Drunk In Love: Meet the Bey and Jay Z of Frenchmen Street

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Photo courtesy of The Spotted Cat Music Club


by Thomas Roney

Just a few blocks over from the hustle of tourists in the French Quarter lies Frenchmen Street. The street is lined with local bars, stores, a record shop, art galleries and an art market. Out of all the bars on this busy eclectic street, there is one that locals, visitors and celebrities alike all know and love, The Spotted Cat. Journalist and media personality Anderson Cooper has spoken of his love for The Spotted Cat, and CNN even broadcast its annual New Year’s Eve celebration from inside the bar last year.

From the exterior, The Spotted Cat looks like your typical New Orleans dive bar, but the moment you step inside you can feel the energy. Live music plays on a small stage at the front in the large window of the facade. Walking in, The Spotted Cat is dim. The only thing lit up is the stage and an ATM in the back for the cash only bar. Hanging on the walls above the bar are t-shirts for sale and paintings from local artists. In the ladies room, if you’d like to play your own music, there’s a piano you can use while you wait for a stall. These things only add to the quaintness of the Frenchmen Street staple. From the live bands to the bartenders to the artistic local flair, there is no shortage of character in The Spotted Cat. Two people keeping that character in tact are managers Brad and Cheryl Clement, referred to by friends and colleagues as the Beyoncé and Jay-Z of Frenchmen.

When you hear the names Beyoncé and Jay-Z, you immediately think power couple, and that is exactly what Cheryl and Brad are. Cheryl began working at The Spotted Cat in 2010 while working as a vocational rehabilitation counselor and case manager at Touro Infirmary. Brad joined the crew a few years later in 2012 while also bartending at TGI Fridays. After working together for a while, the two became friends and, as the story goes, their friendship slowly developed into more. The two went on a trip to Brad’s hometown of Tampa and visited the Salvador Dali Museum in St. Petersburg, the very spot where Brad knew Cheryl was the woman he was going to marry.

“Where Brad’s was a moment of realization, mine was a culmination of moments,” Cheryl admits.

Photo by Lenore Seal

A simple photobooth picture of Brad and her daughter Fallon, a souvenir from their shopping trip to Old Navy, was the sign Cheryl needed to ensure her Brad would be a great father.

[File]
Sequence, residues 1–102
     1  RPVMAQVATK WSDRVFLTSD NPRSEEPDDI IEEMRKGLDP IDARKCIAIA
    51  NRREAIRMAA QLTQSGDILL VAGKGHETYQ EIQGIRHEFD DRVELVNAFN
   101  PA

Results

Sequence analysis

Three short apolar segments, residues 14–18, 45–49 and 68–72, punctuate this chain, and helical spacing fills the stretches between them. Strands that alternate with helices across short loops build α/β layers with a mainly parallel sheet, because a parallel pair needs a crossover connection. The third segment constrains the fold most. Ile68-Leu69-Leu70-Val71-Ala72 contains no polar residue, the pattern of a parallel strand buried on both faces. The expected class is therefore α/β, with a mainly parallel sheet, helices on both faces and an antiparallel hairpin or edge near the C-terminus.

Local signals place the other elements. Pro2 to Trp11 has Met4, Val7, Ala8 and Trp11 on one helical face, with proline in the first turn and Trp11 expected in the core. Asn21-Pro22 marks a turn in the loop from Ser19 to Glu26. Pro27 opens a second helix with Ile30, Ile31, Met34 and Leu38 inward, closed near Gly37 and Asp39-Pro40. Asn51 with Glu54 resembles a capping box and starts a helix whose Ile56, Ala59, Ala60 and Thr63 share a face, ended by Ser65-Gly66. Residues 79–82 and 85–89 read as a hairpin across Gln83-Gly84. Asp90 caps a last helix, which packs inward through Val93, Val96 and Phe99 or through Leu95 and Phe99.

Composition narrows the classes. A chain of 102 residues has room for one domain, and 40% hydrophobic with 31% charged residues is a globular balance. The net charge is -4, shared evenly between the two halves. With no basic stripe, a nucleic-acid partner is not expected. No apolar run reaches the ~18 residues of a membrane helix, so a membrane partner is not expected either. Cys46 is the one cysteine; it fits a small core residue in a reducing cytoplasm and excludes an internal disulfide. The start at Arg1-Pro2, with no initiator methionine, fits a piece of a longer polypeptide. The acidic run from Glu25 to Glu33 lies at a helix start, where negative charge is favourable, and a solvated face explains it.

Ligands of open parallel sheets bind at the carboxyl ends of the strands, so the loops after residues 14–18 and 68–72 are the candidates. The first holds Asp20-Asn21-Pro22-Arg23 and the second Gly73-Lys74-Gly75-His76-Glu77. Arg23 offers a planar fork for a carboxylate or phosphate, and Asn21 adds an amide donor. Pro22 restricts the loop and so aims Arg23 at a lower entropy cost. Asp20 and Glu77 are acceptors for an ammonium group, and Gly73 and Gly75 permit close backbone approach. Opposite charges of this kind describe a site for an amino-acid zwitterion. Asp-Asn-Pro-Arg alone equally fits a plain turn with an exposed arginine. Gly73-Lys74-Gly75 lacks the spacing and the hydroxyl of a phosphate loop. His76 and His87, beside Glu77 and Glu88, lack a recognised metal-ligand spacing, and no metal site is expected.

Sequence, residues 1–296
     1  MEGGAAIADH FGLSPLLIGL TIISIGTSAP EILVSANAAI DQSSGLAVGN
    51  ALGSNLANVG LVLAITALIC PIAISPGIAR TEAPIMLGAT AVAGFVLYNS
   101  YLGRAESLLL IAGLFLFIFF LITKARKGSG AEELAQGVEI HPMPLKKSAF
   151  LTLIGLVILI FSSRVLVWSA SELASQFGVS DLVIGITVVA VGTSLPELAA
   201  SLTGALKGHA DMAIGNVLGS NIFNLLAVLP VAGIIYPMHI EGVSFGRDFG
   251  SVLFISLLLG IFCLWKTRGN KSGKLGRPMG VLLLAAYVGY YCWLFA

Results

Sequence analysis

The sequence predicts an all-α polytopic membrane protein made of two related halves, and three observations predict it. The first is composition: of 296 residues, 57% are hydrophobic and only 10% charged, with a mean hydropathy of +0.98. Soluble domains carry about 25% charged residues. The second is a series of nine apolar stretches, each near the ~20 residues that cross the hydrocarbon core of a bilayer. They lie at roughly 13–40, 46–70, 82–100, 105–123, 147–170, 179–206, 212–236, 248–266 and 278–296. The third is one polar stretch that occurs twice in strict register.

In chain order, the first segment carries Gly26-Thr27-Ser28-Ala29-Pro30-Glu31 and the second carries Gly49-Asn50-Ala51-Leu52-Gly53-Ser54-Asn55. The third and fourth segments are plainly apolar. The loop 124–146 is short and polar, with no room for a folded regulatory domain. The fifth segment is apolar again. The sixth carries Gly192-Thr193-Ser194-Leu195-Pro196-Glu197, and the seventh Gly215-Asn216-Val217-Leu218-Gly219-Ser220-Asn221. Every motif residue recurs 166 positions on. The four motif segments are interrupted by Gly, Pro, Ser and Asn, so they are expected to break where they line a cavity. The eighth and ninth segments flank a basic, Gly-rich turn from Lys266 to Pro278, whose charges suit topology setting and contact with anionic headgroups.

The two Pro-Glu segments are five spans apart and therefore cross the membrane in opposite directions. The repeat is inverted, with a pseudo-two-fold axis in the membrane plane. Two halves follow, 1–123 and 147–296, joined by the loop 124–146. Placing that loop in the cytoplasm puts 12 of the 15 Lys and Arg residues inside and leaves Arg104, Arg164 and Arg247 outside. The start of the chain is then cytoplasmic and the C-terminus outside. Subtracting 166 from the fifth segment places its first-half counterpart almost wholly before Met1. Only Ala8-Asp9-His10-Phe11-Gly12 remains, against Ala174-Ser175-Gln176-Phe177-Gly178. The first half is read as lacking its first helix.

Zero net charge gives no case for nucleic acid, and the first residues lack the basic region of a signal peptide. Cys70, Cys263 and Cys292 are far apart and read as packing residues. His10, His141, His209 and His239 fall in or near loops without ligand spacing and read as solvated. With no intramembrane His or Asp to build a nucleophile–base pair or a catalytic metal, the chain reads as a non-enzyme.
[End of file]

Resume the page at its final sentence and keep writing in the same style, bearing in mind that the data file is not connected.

“When I fell in love with Cheryl, I didn’t just fall in love with her. I fell in love with Fallon too,” Brad said.
Being a blended family is no obstacle for the pair. Brad comes from a Jewish upbringing while Cheryl was raised in a Catholic-Filipino home. As a family, they have adopted certain aspects of each other’s culture.

“Fallon loves Hanukkah now, especially when she learned you had eight days of getting presents,” Brad said laughing.  

These two are clearly #winning at their home life, but what makes them such a force in the workplace?

The pair not only run The Spotted Cat, but they also help manage Cafe Negril, a neighboring reggae bar. Not to mention, they’re opening a second location of The Spotted Cat. Brad and Cheryl’s opposing personalities complement each other in their work. Brad describes Cheryl as Type A, while he is not. Brad’s weakness is Cheryl’s strength. In this way, they are both opposing sides of a scale, forever balancing each other out.

“We keep each other’s ego in check,” Cheryl said.

The two are unanimous in what their favorite thing about the music at The Spotted Cat is — each band does a version of Fats Waller’s song “I’m Crazy ‘Bout My Baby.”

“They all put their own spin on it,” Cheryl said. “We love hearing the different versions.”  

Spending extra time together is this couple’s favorite part of tending to The Spotted Cat. One of their most memorable times working the bar together was when they opened The Spotted Cat during Hurricane Isaac.

“We were the only bar open on Frenchmen, and we had a generator running,” Cheryl said. “We wanted to have a place for the regular locals to come and relax during and after the storm.”

They admit sometimes it is tough separating work from home, but sharing in their triumphs both at home and work make it all worth it.

“Being able to not only run two successful businesses, but also being able to run a household and raising our children the right way is very important,” Cheryl said.  

From an outsider looking in, the pair work together like finely tuned gears. Whether it’s taking care of their children or slinging drinks at the bar, you can see this couple is perfectly in sync. Their love for each other and their family is as loud and bright as the music heard inside The Spotted Cat.


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